Friday, October 28, 2011

Jala Neti

Today I'm going to write about something you might not necessarily expect from a blog about yoga - my Neti Pot!

I was feeling a little low on inspiration for my entry this week, especially since Tuesday afternoon I started feeling sick toward the end of my work day.  My head had ached all day, but that's not too out of the ordinary for me.  When I started feeling my throat become sore and scratchy, I knew it was the kiss of death, and I needed to start getting proactive with my health before this cold (or whatever it is) gets the better of me.

Marc suggested writing about being sick, how it affects my practice - things of that vein.  It's a good suggestion, but I feel like I always do that when I get sick and I wanted to go a different route this week.  Marc also suggested I use a neti pot to help with my sinuses, and then it struck me - the neti pot comes from Ayurvedic medicine and is a yogic technique for cleansing the body!  It wasn't discovered by modern medicine or bored people who suddenly were struck with the idea to put water through their nose -  it's something that has been around for five thousand years.

Ayurveda, which translates to "knowledge of life"  is the "sister science" of yoga.  Scott Blossom of YogaJournal.com says of Ayurveda, "It's a system of healing that examines physical constitution, emotional nature, and spiritual outlook in the context of the universe."  You can read the full article here to learn more about the doshas, or three different energies we're made of according to Ayurvedic medicine.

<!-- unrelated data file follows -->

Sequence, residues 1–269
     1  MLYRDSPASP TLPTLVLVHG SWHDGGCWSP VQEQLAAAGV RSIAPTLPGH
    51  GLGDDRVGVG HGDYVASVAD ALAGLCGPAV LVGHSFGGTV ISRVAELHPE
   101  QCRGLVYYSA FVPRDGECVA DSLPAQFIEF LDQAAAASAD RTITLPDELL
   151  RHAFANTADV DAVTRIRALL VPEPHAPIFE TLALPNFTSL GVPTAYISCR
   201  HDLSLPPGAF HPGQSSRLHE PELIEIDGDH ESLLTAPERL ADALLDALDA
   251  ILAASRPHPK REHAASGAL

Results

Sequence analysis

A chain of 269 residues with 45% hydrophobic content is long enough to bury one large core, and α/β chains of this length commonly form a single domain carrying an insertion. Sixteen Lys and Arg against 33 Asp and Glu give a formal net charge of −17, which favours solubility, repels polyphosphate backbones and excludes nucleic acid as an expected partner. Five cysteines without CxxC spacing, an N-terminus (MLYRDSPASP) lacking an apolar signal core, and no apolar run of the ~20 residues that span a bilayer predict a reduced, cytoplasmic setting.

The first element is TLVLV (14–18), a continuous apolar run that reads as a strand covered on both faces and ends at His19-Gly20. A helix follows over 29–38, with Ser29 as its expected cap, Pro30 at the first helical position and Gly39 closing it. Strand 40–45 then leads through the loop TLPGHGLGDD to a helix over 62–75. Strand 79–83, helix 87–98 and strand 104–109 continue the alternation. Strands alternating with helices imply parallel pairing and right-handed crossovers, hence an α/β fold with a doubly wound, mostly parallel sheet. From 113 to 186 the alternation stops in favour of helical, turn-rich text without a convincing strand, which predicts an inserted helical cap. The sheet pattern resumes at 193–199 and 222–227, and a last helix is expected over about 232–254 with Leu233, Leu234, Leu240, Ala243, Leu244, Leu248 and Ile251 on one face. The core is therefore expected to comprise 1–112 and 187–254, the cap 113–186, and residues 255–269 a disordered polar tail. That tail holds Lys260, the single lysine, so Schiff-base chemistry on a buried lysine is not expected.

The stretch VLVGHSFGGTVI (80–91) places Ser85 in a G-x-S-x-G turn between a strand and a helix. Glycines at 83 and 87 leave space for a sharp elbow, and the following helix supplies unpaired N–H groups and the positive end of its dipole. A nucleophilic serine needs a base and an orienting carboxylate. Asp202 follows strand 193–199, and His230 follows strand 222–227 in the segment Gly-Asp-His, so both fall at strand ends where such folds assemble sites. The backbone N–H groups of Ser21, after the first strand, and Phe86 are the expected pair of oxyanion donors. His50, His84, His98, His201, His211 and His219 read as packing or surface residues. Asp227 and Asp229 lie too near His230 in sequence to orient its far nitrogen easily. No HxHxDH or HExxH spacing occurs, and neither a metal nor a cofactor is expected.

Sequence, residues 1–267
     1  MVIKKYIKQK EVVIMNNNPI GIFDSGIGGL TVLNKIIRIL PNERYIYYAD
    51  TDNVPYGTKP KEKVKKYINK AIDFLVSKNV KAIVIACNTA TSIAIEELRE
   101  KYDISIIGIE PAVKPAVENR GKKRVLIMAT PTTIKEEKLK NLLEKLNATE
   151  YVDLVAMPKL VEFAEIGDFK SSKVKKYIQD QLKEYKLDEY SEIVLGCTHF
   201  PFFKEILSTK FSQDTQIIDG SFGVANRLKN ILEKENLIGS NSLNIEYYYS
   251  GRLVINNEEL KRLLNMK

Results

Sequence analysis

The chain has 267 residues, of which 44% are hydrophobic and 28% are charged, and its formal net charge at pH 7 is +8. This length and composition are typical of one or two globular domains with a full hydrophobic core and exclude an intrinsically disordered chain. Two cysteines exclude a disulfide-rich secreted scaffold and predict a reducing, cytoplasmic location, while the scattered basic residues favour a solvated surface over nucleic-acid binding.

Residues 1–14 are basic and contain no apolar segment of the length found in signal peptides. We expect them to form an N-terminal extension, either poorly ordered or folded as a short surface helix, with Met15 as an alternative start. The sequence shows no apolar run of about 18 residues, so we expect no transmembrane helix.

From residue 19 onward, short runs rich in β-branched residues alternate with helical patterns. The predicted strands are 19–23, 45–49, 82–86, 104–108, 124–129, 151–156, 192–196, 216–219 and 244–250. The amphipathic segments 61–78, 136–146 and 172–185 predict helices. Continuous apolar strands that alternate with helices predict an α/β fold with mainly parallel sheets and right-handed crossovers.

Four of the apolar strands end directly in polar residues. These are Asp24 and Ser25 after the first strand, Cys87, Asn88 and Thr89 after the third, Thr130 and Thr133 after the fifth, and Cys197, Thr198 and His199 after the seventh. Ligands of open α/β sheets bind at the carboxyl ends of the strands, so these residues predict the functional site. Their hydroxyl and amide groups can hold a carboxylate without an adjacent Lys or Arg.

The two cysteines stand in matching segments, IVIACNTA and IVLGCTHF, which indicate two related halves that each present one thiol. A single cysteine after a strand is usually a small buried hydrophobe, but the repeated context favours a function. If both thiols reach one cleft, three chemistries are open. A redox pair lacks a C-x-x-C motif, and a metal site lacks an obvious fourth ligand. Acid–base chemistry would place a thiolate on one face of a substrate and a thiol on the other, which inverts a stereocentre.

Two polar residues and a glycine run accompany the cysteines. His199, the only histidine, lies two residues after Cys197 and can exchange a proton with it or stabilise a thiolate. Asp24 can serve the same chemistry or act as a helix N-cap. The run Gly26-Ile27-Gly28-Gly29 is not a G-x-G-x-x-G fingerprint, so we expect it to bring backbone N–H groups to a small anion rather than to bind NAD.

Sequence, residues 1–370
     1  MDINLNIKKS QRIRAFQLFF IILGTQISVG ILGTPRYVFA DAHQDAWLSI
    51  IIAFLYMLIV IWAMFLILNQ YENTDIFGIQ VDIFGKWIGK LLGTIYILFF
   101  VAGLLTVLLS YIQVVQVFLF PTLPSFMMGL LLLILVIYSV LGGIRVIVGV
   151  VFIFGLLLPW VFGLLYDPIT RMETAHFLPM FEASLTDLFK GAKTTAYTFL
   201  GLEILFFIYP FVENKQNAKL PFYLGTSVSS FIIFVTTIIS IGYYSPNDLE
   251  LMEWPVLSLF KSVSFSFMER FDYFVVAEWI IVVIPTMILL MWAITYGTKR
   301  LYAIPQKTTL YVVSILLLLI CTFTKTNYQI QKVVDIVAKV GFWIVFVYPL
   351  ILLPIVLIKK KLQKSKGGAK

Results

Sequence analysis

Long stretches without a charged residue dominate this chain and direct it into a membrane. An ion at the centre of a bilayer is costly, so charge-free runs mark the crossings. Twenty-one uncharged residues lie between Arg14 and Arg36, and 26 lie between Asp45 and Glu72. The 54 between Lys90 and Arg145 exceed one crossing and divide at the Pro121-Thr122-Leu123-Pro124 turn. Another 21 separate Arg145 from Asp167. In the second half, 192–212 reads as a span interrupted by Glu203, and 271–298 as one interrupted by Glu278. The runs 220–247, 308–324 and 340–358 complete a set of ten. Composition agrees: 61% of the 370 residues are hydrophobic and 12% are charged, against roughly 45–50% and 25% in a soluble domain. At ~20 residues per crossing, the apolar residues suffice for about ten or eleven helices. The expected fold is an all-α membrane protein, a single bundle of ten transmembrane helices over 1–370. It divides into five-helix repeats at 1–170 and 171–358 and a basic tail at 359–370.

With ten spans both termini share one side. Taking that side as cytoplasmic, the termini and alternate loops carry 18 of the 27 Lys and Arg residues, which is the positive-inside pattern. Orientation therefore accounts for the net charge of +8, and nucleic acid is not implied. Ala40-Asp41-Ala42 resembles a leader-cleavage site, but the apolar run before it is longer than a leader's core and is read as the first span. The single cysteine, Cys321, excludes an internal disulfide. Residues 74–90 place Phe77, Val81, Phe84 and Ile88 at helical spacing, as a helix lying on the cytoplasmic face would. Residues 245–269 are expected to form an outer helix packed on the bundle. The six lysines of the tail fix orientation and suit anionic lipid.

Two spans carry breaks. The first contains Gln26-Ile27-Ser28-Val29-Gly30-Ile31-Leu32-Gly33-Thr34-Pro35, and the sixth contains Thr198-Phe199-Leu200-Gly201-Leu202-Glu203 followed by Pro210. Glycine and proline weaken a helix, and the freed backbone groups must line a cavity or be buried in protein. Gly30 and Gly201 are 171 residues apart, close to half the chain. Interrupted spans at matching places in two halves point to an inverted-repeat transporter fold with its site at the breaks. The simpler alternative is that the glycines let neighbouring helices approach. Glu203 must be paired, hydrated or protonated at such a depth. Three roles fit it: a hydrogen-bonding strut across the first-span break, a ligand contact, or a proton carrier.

Jala neti is Sanskrit and literally translates to "water cleansing."  It's part of the Panchakarma ("five actions") program for cleansing of the body, mind, and spirit.

Just googling neti pot can provide you with a ton of ways to find and purchase your own.  It doesn't need to be fancy or expensive, it just needs to have a spout that can fit in your nose and it needs to hold an adequate amount of water.

Everything's better with a thumbs-up!
To use jala neti, boil some water to make sure it's clean and free of any stray bacteria that may be lurking.  Pour the water into the pot and wait until it's about lukewarm (this could take 20 to 30 minutes - just check with your finger until it is a temperature you think will be comfortable).  From there, you want to add salt.  Plenty of places sell salt packets specifically designed for use in a neti pot, but sea salt works just fine as well.  Holding your head over a sink, put the spout up one nostril and tilt your head pot-side-up.  (The hilarious picture illustrates - it's a pretty tricky thing to try to explain!)  Hold your tongue firm against your throat to keep from swallowing the water (although you'll probably swallow some your first few times) and the water will pour out of your other nostril into the sink.

Jala neti isn't for everyone.  My sister reminded me that as a little girl, I used to despise blowing my nose.  I'd cry and say I couldn't do it and I hated being made to - it just seemed disgusting and wrong.  If this kind of thing makes you squeamish, it may not be for you.  However, my experience so far this week has been amazing.  My cold is still hanging on, but after using the neti 2-3 times a day I can really feel an improvement.

If you suffer from seasonal allergies or colds - and as a fellow sick friend said to me recently, Tis the Season! - I highly recommend giving the neti pot a try.  Stick with it a couple times and see if it helps you.  In the meantime, enjoy some hot tea, hot soup, and fuzzy sweaters.  Happy fall!

Wednesday, October 19, 2011

To thine own self be true



Satya pratishthayam kriya phala shrayatvam.  
Upon being established in truth, there is surety in the result of actions.
The Yoga Sutras of Patanjali
ii:36